Joining the Los Angeles System.
Dorsey was teaching at Baptist College in Los Angeles when in 1894 her husband deserted her and took their son with him. Two years later she accepted a position at Los Angeles High School, again teaching Latin and Greek. Dorsey served as department chair...
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Kilpatrick, William Heard 1871-1965
William Heard Kilpatrick is commonly seen as a popularizer of John Dewey's theories of education. In a sense he was even more radical than Dewey, his former mentor. During his tenures as professor at Mercer College, Columbia University, and Bennington College, he expanded the scope of "progressive education," creating classes centered upon interaction with students rather than upon the authority of the teacher.
No Report Cards.
Kilpatrick graduated from Mercer College in Macon, Georgia, with a B.A. in 1892 and an M.A. in 1893. Following a year of study in mathematics at Johns Hopkins, he served as teacher and principal in various Georgia public schools. While holding these positions, Kilpatrick did away with report cards and student punishments. After further training at Johns Hopkins, he returned to Mercer as a professor of mathematics in 1897. In 1904 he was made acting president of the college but left two years later because his liberal religious ideas were unacceptable to the school's trustees. After a year of teaching in Ohio, he studied under John Dewey at the Teachers College of Columbia University, receiving his Ph.D. in 1912.
Kilpatrick began teaching at the Teachers College in 1909. He was an...
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Lowell, Abbott Lawrence 1855-1943
PRESIDENT OF HARVARD UNIVERSITY
Reform of Harvard.
A lawyer and a largely self-taught expert on government, Abbott Lawrence Lowell during his tenure as president of Harvard University (1909-1933) remade the university, both on the undergraduate and graduate levels. He stressed the importance of community at the school, revamping the residential system. Lowell was also instrumental in the installation of course concentrations. As president, Lowell attracted some of the best minds to Harvard's faculty, whose academic freedom he strongly defended. In politics Lowell played an important role in both the League of Nations debate and the case of Sacco and Vanzetti.
Lowell was a member of one of the oldest and most prominent families in Boston and the brother of astronomer Percival Lowell and poet Amy Lowell. After attending private schools in Boston and Europe he enrolled at Harvard, where he excelled, especially in the field of mathematics. He graduated cum laude and entered Harvard Law School in 1877, from which he received his degree in 1880. With his cousin...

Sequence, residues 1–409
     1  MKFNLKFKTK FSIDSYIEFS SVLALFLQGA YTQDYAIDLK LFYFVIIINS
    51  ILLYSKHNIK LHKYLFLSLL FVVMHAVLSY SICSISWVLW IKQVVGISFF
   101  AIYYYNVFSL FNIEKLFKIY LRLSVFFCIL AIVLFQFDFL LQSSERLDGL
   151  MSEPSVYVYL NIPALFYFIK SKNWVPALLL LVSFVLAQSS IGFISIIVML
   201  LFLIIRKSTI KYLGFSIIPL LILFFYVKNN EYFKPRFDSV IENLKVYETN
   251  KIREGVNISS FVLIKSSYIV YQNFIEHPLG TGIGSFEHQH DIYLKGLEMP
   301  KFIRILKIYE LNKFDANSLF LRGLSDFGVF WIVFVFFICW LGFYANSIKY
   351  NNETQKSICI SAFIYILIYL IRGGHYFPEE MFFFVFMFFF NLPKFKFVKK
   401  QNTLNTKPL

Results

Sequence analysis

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Woodson, Carter Godwin 1875-1950
HISTORIAN AND PUBLISHER
Foremost African American Historian.
Carter Godwin Woodson is widely known as the father of African American studies in the United States. As an educator he encouraged blacks and other Americans to learn more about African American contributions to the history of the United States. During his lifetime he did more to advance this field of study than any other person, producing seminal works in the field. In addition, through his efforts as a publisher he provided other scholars in the field with the means to disseminate their research.
Woodson's parents were former slaves, and he was one of nine children who grew up on a farm near New Canton, Virginia. Work on the farm frequently required the children to miss school, which hampered Woodson's academic progress. In 1895, at the age of twenty, he finally entered high school, graduating two years later. While working as a teacher, Woodson studied at Berea College in Kentucky, graduating with a Litt. B. degree in 1903. He then enrolled at the University of Chicago, and, after teaching for four years in the Philippines, he received his B.A. in 1907 and his M.A. in 1908. In 1908 he became a student at Harvard, working on his doctorate (granted in 1912) while teaching high school in Washington, D.C. He was dean of the liberal...
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People in the News
Katharine Lee Bates retired in 1925 after a forty-year teaching career at Wellesley College. Among her collections of poetry, travel, and drama were Yellow Clover (1922) and The Pilgrim Ship (1926). Her poem "America the Beautiful" was put to music.
Mary McLeod Bethune was the founder of the Daytona Normal and Industrial Institute for Negro Girls, which was merged with the Cookman Institute for Men to form Bethune-Cookman College in Daytona Beach in 1923. Bethune served as president of Bethune-Cookman until 1942.